Verbal Construction Contract Disputes: The Case of Devani v. Wells

Construction Contract Disputes

Construction Contract Disputes

In the construction industry, contractual disputes are commonplace.

While most building work arrangements are generally codified in some form of written document, the dispute resolution process is made even more complex when the agreement is verbal in nature – and the legality of its very binding may be called into question.

Although it concerns payment of an estate agent’s commission, we take the recent example of the Devani v. Wells Supreme Court case as important for the construction industry.

Many construction projects will encompass within them informal ancillary agreements in the areas of sales, lettings, advertising and so on; as will be seen, making the mistake of failing to clearly enumerate contract terms may seem trivial, but can prove costly in the long-run.

This case concerns a phone conversation between estate agent Devani and owner/developer Wells, in which the former agreed to introduce the latter to a purchaser for a number of flats in a recently developed block in the London borough of Hackney.

Devani alleged he set commission terms at 2% plus VAT – whereby Wells maintained he was under the impression that Devani was a purchaser, not an agent.

Once the introduction had been made and Devani sought his commission, Wells refused on the grounds that a binding contract had never been agreed.

While the trial judge ruled in Devani’s favour, this decision was reversed by the Court of Appeal – which maintained that without a binding contract, the agreement was made doubly incomplete by the fact that the actual event which would have triggered the obligation had not been specified.

This was then reviewed by the Supreme Court, which looked at the words and conduct of both parties and agreed there was the intention to create a legally binding relationship – and that the absence of an enumerated trigger event did not completely undermine the bargain, as any ‘reasonable person’ would have understood that in this event, commission would have been due on completion of sale.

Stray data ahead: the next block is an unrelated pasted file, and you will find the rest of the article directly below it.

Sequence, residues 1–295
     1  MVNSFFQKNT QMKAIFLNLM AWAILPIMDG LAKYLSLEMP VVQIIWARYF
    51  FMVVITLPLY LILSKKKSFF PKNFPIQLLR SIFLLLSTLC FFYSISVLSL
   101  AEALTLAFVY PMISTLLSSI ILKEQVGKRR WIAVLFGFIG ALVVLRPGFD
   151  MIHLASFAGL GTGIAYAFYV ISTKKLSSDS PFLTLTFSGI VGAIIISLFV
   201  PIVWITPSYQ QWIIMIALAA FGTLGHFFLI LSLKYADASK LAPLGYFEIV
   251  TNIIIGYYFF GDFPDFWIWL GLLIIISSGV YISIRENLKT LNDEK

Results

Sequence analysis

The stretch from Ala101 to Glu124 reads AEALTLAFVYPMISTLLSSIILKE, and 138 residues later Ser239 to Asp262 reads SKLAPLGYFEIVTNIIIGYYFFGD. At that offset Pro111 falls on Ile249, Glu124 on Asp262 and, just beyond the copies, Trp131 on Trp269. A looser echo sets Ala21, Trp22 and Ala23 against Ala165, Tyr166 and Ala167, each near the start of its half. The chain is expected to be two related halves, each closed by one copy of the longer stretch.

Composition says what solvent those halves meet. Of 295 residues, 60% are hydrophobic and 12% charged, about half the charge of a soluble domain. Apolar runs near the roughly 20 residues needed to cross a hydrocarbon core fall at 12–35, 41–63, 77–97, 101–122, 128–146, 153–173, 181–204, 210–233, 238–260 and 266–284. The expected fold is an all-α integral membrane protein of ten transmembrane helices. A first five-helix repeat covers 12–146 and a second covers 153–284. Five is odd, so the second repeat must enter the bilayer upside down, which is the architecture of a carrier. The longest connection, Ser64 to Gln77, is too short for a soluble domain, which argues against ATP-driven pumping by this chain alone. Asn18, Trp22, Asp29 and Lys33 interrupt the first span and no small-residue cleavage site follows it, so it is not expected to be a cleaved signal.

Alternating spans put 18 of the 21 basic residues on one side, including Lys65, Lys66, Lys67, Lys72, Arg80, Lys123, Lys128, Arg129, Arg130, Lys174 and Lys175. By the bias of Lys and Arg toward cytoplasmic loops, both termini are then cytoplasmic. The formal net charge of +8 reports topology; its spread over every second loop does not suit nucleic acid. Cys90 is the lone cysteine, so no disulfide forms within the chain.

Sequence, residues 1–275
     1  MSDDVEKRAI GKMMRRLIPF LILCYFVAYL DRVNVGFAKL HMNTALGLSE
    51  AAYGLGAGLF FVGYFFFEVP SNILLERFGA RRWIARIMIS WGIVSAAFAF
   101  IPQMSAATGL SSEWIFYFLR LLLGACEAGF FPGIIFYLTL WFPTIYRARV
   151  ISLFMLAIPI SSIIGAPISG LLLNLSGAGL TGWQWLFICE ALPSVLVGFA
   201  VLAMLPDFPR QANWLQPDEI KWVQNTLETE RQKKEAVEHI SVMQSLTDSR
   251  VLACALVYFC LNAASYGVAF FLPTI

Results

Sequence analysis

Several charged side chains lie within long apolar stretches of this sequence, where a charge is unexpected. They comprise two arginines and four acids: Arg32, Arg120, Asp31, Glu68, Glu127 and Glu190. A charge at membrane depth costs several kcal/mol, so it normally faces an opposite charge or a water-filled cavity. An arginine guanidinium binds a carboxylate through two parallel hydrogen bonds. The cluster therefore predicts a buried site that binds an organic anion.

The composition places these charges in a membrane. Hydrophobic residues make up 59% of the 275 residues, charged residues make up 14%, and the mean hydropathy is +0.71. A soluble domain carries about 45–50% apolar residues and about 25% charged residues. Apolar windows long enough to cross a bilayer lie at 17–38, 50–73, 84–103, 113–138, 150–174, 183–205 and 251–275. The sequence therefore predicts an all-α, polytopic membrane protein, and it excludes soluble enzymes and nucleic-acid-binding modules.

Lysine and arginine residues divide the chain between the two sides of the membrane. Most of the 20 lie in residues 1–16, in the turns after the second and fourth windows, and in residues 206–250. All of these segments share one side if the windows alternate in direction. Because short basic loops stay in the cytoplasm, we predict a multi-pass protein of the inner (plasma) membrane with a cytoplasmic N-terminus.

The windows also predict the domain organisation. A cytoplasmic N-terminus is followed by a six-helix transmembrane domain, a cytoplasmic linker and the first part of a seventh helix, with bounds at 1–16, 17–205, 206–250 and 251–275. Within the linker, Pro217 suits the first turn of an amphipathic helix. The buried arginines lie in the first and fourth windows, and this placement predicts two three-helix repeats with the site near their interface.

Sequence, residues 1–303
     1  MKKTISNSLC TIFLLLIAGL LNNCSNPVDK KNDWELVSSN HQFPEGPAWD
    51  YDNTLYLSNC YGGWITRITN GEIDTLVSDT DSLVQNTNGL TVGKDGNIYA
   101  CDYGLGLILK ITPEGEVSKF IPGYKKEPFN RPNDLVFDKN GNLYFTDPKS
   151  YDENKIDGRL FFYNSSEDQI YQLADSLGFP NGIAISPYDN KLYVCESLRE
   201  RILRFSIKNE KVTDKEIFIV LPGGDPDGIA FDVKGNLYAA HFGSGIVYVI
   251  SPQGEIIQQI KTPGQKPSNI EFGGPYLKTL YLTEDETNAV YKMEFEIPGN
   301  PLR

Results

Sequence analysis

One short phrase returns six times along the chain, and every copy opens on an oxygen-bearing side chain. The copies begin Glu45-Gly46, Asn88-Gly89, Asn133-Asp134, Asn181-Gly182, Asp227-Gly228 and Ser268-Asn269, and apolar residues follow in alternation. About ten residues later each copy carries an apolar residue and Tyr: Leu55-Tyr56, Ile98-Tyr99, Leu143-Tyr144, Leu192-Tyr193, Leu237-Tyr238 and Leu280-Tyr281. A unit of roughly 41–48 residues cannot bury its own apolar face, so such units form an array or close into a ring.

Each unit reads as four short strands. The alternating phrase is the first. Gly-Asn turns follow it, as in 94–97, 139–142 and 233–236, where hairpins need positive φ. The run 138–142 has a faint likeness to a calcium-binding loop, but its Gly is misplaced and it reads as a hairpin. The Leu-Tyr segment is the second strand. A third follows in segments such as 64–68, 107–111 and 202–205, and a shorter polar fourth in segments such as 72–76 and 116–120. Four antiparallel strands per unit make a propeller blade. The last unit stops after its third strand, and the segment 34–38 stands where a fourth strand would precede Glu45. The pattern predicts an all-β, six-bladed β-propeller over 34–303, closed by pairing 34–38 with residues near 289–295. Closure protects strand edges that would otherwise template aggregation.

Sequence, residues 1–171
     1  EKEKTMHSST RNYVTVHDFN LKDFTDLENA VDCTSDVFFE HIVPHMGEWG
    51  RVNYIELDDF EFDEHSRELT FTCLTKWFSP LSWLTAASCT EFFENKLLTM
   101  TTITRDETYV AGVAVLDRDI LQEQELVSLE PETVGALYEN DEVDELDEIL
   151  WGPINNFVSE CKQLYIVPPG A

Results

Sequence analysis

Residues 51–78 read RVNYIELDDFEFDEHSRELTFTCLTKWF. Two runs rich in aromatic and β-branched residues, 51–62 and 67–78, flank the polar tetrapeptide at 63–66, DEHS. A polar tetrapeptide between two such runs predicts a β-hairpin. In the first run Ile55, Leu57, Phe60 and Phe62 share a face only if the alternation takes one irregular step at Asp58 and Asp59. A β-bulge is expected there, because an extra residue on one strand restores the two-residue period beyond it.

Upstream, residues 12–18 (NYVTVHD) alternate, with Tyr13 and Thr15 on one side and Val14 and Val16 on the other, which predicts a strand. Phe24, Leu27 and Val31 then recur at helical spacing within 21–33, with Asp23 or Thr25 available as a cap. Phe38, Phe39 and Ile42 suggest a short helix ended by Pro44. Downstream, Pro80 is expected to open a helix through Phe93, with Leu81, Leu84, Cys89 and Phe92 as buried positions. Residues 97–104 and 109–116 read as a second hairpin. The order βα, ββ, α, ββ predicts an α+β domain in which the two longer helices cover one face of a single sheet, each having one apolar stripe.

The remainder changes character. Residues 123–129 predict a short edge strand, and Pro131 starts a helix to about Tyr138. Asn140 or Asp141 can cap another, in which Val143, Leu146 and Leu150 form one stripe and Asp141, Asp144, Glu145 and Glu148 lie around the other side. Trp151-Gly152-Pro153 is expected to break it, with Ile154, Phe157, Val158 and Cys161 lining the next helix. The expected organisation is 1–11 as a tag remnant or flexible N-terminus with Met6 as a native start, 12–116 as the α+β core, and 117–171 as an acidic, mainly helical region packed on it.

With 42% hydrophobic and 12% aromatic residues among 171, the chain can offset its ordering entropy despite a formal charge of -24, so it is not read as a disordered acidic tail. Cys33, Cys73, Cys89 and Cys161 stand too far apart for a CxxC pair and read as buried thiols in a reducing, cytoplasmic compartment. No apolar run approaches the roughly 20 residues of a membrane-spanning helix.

As Justice Lord Briggs put it, “The common law will recognise an enforceable liability to pay as arising from the briefest and most informal exchange.”

It could be argued then that this case set a precedence of willingness by the higher courts to protect payment of owed parties even in informal contracts; but it is overwhelmingly evident that the absence of a formal agreement proved more than costly to both sides.

The take-home lesson therefore is this; when reaching agreement on essential terms during a commercial exchange, both parties should clearly enumerate their terms and conditions from the very beginning.

It would also be advisable to seek third-party legal advice in doing so.

For construction-specific advisory services, advice on Construction Contract Disputes or indeed advice or action in the receipt of payment due to you or your business, get in touch with CRS today to see how we can help.

Call Tim Shore on 0114 236 1884 or email for more information.

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